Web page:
Saturday, December 27, 2014

Military courts proposal challenged in Pakistani courts and editorial

The legal reaction to the part of the "National Action Plan" that proposes the establishment of military courts in Pakistan has begun. The Daily Times reports that petitions have been filed in both the Supreme Court and the Islamabad High Court. The Supreme Court case,
filed by Barrister Zafarullah, stated that a parallel judicial system cannot function in the country nor the constitution allows it. The petitioner pleaded that military courts cannot hear cases of civilians, and noted that the Supreme Court has already given its verdict against the formation of military courts. . . .
As for the second case,
[the] participation of Attorney General (AG) Suleman Butt in legal consultations for setting up military courts (MC) has been challenged in the Islamabad High Court (IHC). Shahid Orakzai, in his petition filed on Friday, has requested the IHC to inquire from AG if he has any orders issued by federal government in respect of constitutional amendments. The petitioner said that he would withdraw his petition if written orders of federal government are provided in the court otherwise court should declare that article 57 of the constitution does not allow AG to work out draft of constitutional amendment.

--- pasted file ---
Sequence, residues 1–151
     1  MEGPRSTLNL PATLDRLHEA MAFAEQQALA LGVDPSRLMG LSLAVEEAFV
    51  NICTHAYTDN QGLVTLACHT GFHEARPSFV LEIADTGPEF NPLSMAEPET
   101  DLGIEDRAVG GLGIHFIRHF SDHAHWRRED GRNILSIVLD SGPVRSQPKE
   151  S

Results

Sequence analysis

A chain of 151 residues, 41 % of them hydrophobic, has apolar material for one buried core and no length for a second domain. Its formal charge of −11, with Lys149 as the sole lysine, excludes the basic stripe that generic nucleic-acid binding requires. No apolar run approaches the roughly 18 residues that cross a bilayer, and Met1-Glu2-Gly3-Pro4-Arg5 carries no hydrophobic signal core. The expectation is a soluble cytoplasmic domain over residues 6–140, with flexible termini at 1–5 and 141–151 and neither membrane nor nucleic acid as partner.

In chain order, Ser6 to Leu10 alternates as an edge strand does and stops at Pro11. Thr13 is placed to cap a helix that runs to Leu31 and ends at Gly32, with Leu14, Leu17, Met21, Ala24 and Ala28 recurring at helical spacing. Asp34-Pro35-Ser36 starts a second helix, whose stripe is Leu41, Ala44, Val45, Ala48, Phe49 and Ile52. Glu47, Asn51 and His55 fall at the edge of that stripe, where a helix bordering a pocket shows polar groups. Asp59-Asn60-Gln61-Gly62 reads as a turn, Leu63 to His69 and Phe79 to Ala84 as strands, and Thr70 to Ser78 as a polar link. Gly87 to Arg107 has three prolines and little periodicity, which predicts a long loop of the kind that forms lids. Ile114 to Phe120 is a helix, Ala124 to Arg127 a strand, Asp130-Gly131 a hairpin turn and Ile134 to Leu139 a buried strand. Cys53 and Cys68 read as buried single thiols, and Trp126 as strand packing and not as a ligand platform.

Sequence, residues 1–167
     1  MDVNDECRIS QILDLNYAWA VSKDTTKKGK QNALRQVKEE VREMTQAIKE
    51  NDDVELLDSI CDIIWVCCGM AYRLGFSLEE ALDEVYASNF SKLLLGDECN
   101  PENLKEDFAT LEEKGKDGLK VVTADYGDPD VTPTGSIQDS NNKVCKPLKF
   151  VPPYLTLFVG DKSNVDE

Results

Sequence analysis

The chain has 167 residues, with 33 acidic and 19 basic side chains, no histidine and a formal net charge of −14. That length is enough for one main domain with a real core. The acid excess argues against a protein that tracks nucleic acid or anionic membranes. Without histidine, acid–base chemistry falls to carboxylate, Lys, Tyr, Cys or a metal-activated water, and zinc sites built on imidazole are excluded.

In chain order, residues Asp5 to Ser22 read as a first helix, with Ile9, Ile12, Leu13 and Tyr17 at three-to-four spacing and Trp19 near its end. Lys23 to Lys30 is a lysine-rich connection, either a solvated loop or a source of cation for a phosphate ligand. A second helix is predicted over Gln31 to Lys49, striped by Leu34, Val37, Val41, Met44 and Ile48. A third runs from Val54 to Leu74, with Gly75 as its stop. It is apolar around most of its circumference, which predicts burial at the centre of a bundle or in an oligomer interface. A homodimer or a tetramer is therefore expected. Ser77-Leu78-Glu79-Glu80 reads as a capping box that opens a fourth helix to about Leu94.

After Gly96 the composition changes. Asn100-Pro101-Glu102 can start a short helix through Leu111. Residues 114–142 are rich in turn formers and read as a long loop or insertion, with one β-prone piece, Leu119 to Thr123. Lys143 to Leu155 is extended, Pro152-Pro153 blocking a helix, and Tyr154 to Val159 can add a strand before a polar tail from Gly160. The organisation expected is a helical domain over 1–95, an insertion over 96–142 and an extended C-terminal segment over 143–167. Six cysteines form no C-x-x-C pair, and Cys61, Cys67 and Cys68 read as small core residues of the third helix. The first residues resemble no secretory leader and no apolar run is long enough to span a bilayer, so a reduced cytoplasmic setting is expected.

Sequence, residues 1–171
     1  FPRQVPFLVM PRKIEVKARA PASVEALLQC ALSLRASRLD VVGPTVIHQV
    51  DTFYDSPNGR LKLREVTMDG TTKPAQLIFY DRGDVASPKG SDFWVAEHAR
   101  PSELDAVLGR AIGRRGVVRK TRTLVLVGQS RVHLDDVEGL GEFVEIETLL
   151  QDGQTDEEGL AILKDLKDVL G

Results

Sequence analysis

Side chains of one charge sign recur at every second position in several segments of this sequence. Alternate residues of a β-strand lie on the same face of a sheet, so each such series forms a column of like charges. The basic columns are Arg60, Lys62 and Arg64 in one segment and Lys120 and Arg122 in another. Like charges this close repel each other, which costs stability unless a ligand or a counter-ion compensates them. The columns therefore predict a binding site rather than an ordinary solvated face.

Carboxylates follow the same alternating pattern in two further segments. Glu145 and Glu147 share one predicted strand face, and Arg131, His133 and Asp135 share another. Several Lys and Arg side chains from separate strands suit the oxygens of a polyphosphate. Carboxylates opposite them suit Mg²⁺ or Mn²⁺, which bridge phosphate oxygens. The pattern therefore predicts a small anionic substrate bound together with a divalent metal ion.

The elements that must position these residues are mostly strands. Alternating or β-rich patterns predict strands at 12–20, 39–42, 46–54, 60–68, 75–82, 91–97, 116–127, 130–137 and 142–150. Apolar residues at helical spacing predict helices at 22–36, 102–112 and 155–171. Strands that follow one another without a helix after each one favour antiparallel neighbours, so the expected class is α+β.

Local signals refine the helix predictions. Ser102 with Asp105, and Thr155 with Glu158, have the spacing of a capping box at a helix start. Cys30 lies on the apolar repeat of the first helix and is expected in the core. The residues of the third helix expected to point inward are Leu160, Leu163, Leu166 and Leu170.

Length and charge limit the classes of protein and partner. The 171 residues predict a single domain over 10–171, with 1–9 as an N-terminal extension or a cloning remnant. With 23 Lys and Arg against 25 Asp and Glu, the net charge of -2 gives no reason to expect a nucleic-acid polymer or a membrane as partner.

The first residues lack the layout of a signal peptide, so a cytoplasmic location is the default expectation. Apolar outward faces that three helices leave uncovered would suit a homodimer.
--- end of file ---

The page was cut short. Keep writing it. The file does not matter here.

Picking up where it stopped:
A stay order has also been sought from court lest this illegal step on the part of AG may cause any harm to constitution. The petitioner made it clear on the court that AG has not taken oath under the constitution.
Whatever one thinks about the military courts proposal on the merits, both cases seem strange. In the first, if the plan is to amend the Constitution to permit the new courts, how can that be objected to? Can a constitutional amendment be unconstitutional? In the second, does the Attorney General need legislation simply to prepare a draft?

The Nation has published an editorial questioning the military courts proposal. It argues that
the judiciary is an impartial arbiter, a judge with even the slightest conflict of interest is supposed to remove himself from the bench; here the military is both judge and a party to the crime. These courts are an executive institut[ion] with a concrete objective: convicting terrorists, how can you expect it to function impartially. Consider this; if the judge is from the same institut[ion] whose members the defendant is accused of murdering, can we be certain that vengeance won’t play a part? As the ATC [Anti-Terrorism Courts] are well aware, terrorism is a vague, nebulous term; these military courts can end up trying Baloch or Sindhi political dissidents under terrorism charges. Since the sentences passed out are in single-paragraph statements, with no requirement of mentioning the findings and reasons for which the particular punishment is handed out, separating true terrorists from political convictions is nigh impossible, especially since their judgements cannot be challenged in civilian courts. The COAS [Chief of Army Staff] ensures that only “jet black terrorists” will be tried, but is that not presupposing their guilt and rubberstamping it through the court? Answering one injustice with another will lead us nowhere.

No comments:

Post a Comment

Comments are subject to moderation and must be submitted under your real name. Anonymous comments will not be posted (even though the form seems to permit them).